Criminalise dollar denominated sales


THE Bank of Zambia (BoZ) should with immediate effect criminalize the quotation of goods and services in foreign currencies,  says  ActionAid  country director Pamela Chisanga.

Ms Chisanga said her organization has recommended to the Minister of Finance Alexander Chikwanda to take action against houses and individuals quoting in dollars for their goods and services to ensure that the Kwacha remained the only legal tender for Zambia.

‘The order should be religiously followed with enough political will.This will reduce pressure on the local currency immediately,” Ms Chisanga said.

The recommendation came from a recently held public forum titled “Impact of the depreciating Kwacha on Tax Revenue collection and service delivery” at Mulungushi International Conference Centre.

Ms Chisanga also recommended that the continued weakening of the Kwacha, Government would require more than the budgeted K2.4 billion to service external debt.

“Government should focus more on raising domestic revenue unlike relying on foreign borrowing which has high cost implications in terms of debt servicing,” she said.

Ms Chisanga observed that recently, Government raised external debt borrowing ceiling from K35billion to K65billion.

“Therefore, Zambia’s external debt is likely to increase given the increase in external debt ceiling. Huge debt levels imply increased debt servicing,” Ms Chisanga said.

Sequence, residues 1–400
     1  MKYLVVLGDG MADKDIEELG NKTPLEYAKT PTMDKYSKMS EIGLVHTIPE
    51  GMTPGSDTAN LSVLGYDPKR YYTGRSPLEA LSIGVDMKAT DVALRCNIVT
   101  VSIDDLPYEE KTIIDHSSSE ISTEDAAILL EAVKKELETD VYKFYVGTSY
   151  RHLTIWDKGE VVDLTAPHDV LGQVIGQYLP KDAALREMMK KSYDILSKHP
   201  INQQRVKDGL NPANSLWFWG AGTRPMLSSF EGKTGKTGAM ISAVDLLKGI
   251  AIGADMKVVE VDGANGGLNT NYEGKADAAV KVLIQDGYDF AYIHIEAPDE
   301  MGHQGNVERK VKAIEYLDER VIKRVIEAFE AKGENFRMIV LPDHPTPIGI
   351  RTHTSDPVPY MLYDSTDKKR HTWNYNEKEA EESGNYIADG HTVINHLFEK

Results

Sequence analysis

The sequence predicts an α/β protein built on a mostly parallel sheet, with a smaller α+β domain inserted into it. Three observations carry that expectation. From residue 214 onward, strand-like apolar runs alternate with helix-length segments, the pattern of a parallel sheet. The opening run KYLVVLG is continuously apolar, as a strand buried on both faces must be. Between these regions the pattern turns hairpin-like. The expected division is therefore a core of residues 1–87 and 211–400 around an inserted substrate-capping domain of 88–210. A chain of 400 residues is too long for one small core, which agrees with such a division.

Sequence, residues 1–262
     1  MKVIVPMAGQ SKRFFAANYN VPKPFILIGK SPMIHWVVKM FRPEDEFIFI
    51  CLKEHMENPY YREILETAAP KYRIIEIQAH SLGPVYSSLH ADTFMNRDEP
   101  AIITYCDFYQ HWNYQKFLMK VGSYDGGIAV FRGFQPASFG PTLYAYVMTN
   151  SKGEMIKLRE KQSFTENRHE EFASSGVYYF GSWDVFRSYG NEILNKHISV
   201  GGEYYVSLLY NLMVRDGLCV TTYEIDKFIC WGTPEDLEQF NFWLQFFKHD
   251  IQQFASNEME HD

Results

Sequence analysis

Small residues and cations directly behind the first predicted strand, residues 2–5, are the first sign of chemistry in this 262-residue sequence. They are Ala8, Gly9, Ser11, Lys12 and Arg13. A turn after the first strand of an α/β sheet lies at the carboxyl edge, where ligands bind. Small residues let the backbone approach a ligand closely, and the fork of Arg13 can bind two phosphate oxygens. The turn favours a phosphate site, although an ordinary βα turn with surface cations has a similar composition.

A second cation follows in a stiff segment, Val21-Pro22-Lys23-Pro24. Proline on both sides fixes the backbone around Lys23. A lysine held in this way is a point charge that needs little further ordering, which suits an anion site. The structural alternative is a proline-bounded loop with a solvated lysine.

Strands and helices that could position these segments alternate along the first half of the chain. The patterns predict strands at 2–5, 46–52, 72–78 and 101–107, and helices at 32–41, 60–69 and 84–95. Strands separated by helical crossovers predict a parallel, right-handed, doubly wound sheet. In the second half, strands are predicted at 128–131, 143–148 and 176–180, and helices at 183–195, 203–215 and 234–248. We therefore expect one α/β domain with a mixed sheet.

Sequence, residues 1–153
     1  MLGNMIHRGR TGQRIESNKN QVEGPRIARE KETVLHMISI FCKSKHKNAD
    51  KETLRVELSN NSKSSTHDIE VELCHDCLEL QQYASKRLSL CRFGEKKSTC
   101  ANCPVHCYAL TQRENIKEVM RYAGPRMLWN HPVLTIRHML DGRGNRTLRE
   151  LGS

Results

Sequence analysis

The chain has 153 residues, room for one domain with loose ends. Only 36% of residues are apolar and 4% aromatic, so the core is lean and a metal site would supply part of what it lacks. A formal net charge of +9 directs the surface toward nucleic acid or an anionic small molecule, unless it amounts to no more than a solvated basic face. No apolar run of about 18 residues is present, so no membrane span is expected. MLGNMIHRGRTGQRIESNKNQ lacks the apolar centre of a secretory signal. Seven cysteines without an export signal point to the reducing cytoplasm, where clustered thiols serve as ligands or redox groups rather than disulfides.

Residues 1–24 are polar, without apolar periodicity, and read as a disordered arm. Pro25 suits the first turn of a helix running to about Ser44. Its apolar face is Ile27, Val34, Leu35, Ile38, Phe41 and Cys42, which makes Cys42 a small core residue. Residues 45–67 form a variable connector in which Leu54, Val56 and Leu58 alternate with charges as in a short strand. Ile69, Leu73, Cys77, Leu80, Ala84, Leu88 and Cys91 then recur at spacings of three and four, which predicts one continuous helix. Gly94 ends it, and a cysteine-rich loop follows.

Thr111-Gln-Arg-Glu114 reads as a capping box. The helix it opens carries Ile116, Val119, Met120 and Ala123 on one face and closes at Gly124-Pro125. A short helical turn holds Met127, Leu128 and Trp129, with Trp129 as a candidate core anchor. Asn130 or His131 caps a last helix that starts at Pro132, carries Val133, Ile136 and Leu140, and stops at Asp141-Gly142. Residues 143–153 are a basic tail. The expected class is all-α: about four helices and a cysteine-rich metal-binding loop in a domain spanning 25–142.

“Debt servicing is becoming expensive and a drain on the treasury. In 2015, Government budgeted K2.4 billion to service external debt obligations,” she said.

And Ms Chisanga observed that the weak Kwacha adversely affected the most vulnerable in society, adding that women and children in Zambia were the most affected.

“Women and children form a section of society that is most vulnerable and thus they are among the ones who bear the heavy brunt of a poorly performing currency and economy in general,” she said.

Ms Chisanga said any interventions by Government therefore needed to focus on poverty reduction strategies that had a multiplier effect on the vulnerable and marginalized in society.

“In this regard sectors like agriculture, tourism and health will require more pragmatic strategies that will be all-embracing and empowering,” she said.

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